Both metals provoked damage to lipid. MDA content increased significantly from 0.025 mg [L.sup.-1] and 1.0 mg [L.sup.-1] in copper and zinc respectively, indicating rise in lipid peroxidation in P. subcapitata. This is similar to that found by Li et al. (2006) with the microalga Pavlova viridis (Prymnesiophyceae), whose results show that the MDA content is expressed significantly from 0.5 mg [L.sup.-1] of copper and 3, 25 mg [L.sup.-1] of zinc. The difference with our work can be explained by the different sensibility between species. Similarly, Srivastava et al. (2006) reported a gradual increase in the content MDA and significant differences to the control in Hydrilla verticillata at the highest concentration of copper tested.
In conclusion, both metals induce the antioxidant activity of catalase. Copper induces lipidperoxidation at lower concentrations than zinc. Copper and zinc cause adverse effects on the physiology of P. subcapitata determined through the content of chlorophyll-a. The growth rate was less sensitive to the metals that catalase activity, lipidperoxidation and chlorophyl-a content. The molecular parameters can be more adecuate than growth rate to monitoring the effect in microalgae aquatic ecosystems.
Ames, B., M. Shigenaga & T. Hagen. 1993. Oxidants, antioxidants, and the degenerative diseases of aging. Proc. Nac. Acad. Sci., 90: 7915-7922.
Bossuyt, B. & C. Janseen. 2004. Long-term acclimation of Pseudokirchneriella subcapitata (Korshikov) Hidak to different copper concentrations; change in tolerante and physiology. Aquat. Toxicol., 68: 61-74.
Cakmak, J. & H. Marschner. 1988. Increase in membrane permeability and exudation in roots of zinc deficient plants. J. Plant. Physiol., 132: 356-361.
Cargnelutti, D., L. Tabaldi, R. Spanevello, G. Jucoski, V. Battisti, M. Redin, C. Blanco, V. Dressler & E. De Moraes. 2006. Mercury toxicity induces oxidative stress in growing cucumber seedlings. Chemosphere, 65: 999-1006.
Charles, A.L., S.J. Markich & P. Ralph. 2006. Toxicity of uranium and copper individually, and in combination, to a tropical freshwater macrophyte (Lemna aequinoctialis). Chemosphere, 62: 1224-1233.
Contreras, L., A. Moenne & J. Correa. 2005. Antioxidant responses in Scytosiphon lomentaria (Phaeophyceae) inhabiting copper-enriched coastal environments. J. Phycol., 41: 1184-1195.
Cook, C., A. Kostidou, E. Vardaka & T. Lanaras. 1997. Effects of copper on the growth, photosynthesis and nutrient concentrations of Phaseoulus vulgaris plants. Photosynthetica, 34: 179-193.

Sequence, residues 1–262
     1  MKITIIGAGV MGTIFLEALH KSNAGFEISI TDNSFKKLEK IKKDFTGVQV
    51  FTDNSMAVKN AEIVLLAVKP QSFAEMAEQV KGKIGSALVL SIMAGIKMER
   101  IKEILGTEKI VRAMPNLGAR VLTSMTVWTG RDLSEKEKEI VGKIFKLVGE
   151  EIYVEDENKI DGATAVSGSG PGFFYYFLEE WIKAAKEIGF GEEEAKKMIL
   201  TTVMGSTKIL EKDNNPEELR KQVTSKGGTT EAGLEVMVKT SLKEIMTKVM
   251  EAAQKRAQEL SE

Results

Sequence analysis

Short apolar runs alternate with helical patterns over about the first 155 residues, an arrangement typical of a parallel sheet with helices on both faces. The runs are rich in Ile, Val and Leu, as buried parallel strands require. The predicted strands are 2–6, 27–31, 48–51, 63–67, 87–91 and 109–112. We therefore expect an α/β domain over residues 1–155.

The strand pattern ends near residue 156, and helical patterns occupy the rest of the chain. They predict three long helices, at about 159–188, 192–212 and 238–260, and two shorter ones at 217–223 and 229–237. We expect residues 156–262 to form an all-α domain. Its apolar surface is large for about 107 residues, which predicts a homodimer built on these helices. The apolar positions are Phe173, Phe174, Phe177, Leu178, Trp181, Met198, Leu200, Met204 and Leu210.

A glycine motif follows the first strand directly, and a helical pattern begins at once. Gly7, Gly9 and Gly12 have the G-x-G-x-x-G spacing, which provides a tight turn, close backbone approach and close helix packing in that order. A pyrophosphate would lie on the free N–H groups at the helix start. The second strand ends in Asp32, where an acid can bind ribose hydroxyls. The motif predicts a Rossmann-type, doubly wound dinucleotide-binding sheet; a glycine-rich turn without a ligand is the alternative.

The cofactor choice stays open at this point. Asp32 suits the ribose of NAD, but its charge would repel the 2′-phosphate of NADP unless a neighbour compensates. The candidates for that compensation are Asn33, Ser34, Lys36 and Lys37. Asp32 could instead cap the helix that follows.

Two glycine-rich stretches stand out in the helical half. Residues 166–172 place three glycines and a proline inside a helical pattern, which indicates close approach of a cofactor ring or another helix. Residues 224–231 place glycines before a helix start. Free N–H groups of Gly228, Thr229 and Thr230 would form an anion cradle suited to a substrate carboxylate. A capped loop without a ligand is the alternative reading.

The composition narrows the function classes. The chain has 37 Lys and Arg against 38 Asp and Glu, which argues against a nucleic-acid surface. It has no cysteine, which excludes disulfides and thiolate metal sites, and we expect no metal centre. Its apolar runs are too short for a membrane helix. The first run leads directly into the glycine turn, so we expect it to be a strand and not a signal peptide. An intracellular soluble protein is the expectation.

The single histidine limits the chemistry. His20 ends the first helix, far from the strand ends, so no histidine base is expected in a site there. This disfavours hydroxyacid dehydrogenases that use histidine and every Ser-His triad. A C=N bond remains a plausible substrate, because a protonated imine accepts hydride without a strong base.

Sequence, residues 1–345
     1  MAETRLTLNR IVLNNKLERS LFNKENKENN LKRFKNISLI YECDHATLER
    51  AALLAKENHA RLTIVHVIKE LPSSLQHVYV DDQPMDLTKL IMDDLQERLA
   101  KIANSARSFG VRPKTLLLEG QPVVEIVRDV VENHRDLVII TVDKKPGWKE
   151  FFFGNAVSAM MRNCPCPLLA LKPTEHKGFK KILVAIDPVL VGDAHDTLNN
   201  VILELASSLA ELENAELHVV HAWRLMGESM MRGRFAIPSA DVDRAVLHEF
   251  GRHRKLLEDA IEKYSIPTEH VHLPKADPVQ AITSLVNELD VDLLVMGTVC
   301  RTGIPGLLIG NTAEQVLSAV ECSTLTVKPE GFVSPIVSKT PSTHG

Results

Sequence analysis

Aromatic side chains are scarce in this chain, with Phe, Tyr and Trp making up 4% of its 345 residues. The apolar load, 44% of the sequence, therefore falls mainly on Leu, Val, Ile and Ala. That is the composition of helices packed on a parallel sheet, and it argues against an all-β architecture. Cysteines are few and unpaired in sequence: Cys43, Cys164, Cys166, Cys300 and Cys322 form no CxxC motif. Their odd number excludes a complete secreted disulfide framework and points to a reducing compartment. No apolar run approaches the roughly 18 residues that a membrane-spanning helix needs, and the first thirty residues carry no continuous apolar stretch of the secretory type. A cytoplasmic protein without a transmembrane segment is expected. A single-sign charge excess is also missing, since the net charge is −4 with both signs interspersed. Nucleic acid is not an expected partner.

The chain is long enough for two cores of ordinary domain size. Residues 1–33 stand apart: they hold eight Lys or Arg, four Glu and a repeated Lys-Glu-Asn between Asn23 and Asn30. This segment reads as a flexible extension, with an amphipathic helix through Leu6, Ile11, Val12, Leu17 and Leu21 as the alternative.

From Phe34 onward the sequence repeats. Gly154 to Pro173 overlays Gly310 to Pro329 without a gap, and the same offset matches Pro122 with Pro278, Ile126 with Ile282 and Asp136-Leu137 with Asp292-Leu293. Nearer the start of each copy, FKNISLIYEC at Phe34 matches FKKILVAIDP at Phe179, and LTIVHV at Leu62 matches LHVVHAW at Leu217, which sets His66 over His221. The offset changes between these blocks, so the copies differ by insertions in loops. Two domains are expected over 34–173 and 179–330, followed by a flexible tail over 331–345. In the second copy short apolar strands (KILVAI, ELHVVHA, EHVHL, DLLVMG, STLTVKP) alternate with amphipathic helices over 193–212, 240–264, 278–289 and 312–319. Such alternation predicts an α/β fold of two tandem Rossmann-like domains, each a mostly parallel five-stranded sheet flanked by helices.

De Vos, C.H. Schat, M. De Waal, R. Voiijs & W. Ernst. 1991. Increased resistance to copper-induced damage of the root cell plasmalemma in copper tolerant Silena cucubalis. Plant Physiol., 82: 523-528.
De Zwart, L., J. Meerman, J. Commandeur & N. Vermeulen. 1999. Biomarkers of free radical damage. Applications in experimental animals and in humans. Free Radic. Biol. Medic., 26: 202-226.
Droge, W. 2003. Free radicals in the physiological control of cell function. Physiol. Rev., 82: 47-95.
Elisabetta, M. & S. Gioacchino. 2004. Copper-induced changes of non-protein tilos and antioxidant enzymes in the marine microalga Phaeodactylum tricornutum. Plant. Sci., 167: 289-296.
Finkel, T. & N.J. Holbrook. 2000. Oxidants, oxidative stress and the biology of aging. Nature, 408: 239-247.
Hidalgo, M., E. Fernandez, A. Cabello, C. Rivas, F. Fontecilla & L. Morales. 2006. Evaluation in the antioxidant response in Chiton granosus Frembly, 1928 (Mollusca: Polyplacophora) to oxidative pollutants. J. Mar. Biol. Oceanogr., 41: 155-165.
Huschek, G. & P.D. Hansen. 2005. Ecotoxicological classification of the Berlin river system using bioassays in respect to the european water framework directive. Environ. Monit. Assess., 121: 15-31.
Janssen, C. & D. Heijrick. 2003. Algal toxicity testing for environmental risk assessment of metals: physiological and ecological considerations. Environ. Cont. Toxicol., 178: 23-52.
Kaneko, H., A. Shimada & K. Hirayama. 2004. Shortterm algal toxicity test based on phosphate uptake. Water Res., 38: 2173-2177.
Knauer, K., R. Behra & L. Sigg. 1997. Effects of free [Cu.sup.2+] and [Zn.sup.2+] ions on growth and metal accumulation in free-water algae. Environ. Toxicol. Chem., 16: 220- 229.
Lee, M. & H. Shin. 2003. Cadmiun-induced change in antioxidant enzymes from the marine alga Nanochloropsis oculata. J. Appl. Phycol., 15: 13-19.